Native fauna caught on camera

This cheeky pair were previously spotted by Yarra Ranges Council's cameras. Picture: ON FILE

Yarra Ranges Council’s fauna motion-sensing cameras have continued to capture a diverse array of native animals since launching in 2015.

Organised by Council’s Bushlands team, the fauna motion-sensing cameras have a range of up to five meters, and are used within conservation reserves. to assist in capturing the region’s wildlife.

From February to August, the fauna monitoring cameras have captured wombats, wallabies, kreft gliders, echidnas, possums and even koalas, with native animals making up an impressive 70 per cent of all observed fauna.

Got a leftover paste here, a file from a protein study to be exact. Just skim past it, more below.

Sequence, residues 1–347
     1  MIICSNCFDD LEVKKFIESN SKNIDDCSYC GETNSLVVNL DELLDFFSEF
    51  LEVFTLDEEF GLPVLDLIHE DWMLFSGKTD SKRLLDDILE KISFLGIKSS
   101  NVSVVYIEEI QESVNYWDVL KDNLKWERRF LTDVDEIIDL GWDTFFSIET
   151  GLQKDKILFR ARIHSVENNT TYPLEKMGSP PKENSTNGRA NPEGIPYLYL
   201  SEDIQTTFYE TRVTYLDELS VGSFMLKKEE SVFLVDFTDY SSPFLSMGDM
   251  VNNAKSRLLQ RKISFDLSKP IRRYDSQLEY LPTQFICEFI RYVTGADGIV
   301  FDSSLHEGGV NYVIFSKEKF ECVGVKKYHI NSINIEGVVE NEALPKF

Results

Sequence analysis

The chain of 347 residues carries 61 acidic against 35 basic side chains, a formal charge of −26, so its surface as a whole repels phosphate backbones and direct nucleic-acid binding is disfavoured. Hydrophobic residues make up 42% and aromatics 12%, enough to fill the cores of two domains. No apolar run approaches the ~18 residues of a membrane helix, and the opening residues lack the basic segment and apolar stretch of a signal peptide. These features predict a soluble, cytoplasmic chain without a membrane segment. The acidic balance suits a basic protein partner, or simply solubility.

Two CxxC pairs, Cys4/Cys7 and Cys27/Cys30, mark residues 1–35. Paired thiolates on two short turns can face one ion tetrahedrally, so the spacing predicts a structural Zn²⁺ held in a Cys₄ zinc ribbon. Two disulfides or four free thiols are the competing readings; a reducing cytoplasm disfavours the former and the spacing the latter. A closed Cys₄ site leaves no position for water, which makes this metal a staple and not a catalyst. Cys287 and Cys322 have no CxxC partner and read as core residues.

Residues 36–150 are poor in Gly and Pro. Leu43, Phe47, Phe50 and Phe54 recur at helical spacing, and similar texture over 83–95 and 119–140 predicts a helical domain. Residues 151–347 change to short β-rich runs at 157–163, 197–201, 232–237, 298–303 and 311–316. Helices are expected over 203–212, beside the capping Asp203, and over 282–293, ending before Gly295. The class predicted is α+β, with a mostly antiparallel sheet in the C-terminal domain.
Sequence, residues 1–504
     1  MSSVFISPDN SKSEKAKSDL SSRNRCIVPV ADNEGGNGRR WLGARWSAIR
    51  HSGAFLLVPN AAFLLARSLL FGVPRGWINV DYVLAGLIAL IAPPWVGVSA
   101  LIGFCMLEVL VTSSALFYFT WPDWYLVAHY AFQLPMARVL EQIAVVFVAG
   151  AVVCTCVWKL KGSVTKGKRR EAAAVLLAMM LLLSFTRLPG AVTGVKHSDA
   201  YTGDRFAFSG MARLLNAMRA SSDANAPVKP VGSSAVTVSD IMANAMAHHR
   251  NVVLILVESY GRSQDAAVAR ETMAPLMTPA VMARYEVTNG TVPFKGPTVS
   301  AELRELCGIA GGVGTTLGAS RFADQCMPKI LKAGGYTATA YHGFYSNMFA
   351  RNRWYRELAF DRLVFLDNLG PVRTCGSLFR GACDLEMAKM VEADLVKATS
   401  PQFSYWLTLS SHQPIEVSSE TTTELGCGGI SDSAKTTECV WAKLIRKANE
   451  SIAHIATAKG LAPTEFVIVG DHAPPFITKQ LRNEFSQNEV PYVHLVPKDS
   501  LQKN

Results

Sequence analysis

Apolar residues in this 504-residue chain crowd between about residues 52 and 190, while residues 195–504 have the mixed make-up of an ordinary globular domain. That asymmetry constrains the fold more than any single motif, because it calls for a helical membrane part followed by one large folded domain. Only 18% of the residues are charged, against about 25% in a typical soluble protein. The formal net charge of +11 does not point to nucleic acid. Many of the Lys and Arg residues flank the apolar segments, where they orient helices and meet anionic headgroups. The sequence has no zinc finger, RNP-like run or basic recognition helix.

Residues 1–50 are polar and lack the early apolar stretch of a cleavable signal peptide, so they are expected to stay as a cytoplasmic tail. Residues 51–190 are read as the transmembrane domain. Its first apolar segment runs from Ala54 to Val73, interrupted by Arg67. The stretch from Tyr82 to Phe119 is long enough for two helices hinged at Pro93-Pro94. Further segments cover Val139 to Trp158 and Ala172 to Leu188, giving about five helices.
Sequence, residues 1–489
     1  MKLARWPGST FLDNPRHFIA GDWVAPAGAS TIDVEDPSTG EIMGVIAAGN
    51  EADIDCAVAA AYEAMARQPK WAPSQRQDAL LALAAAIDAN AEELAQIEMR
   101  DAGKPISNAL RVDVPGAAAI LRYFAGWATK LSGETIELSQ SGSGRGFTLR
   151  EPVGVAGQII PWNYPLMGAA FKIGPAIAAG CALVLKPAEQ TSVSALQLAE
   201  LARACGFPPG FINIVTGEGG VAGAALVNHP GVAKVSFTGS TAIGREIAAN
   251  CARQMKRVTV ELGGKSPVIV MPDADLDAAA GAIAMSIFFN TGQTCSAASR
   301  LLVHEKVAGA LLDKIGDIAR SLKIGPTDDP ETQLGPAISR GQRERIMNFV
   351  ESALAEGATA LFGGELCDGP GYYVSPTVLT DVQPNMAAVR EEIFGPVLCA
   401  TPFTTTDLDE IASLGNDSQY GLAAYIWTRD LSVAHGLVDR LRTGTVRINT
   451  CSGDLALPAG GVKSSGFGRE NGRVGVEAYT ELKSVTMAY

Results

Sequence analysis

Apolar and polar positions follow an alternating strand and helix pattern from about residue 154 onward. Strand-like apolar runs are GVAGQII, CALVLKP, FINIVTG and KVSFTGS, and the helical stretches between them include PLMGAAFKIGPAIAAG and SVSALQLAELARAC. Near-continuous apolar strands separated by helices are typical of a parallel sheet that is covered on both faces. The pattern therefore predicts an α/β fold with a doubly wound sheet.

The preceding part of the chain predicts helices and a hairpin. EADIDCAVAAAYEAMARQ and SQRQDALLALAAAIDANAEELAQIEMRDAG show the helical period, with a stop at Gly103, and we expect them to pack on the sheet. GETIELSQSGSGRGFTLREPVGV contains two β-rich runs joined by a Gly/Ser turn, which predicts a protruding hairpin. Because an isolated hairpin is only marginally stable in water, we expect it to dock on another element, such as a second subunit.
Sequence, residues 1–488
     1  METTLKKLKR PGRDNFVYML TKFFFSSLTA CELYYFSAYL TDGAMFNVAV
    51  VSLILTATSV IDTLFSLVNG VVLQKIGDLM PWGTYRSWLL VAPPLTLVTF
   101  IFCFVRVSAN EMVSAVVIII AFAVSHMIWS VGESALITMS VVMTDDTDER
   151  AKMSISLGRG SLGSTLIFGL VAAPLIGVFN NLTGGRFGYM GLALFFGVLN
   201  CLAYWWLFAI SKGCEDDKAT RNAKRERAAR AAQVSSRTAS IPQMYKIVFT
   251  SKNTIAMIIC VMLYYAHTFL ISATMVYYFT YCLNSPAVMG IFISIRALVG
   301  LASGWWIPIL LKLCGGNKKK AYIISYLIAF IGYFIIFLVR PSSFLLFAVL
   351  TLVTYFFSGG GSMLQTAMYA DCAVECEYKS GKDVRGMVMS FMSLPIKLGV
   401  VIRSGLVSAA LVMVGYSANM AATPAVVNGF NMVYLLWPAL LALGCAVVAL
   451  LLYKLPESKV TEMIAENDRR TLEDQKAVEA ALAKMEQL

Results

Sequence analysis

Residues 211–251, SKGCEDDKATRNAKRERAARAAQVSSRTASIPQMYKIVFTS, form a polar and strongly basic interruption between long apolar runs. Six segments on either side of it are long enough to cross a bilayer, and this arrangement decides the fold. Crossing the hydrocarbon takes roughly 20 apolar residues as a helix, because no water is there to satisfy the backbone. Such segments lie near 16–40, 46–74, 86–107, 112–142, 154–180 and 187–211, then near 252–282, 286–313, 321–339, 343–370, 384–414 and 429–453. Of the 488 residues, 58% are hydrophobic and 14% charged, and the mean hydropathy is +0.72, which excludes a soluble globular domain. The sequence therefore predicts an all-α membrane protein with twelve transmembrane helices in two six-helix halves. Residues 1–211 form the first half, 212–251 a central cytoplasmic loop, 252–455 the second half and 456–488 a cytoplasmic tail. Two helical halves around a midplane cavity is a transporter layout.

Similarly, the cameras have also captured the presence of introduced species—Foxes, Rabbits, Deer, and Black Rats.

Yarra Ranges Council, Weed Management Officer Paul Smitka said the fauna motion-sensing cameras function as an invaluable tool, offering insights into the nuanced interactions between fauna and their environment.

“Our role is to manage bushland assets, to improve conservation value and to protect native animals by preserving native vegetation. Using this data allows us to see the habitat value these bushland assets provide for our wildlife,” he said.

“Each year, we can see the types of animals using these reserves and the fauna monitoring program not only reveals anticipated residents but also surprises us with occasional appearances of goannas, bandicoots, lyrebirds and even koalas.”

“By protecting biodiversity in the Yarra Ranges, we ensure providing the right habitat for our fauna and flora for future generations.”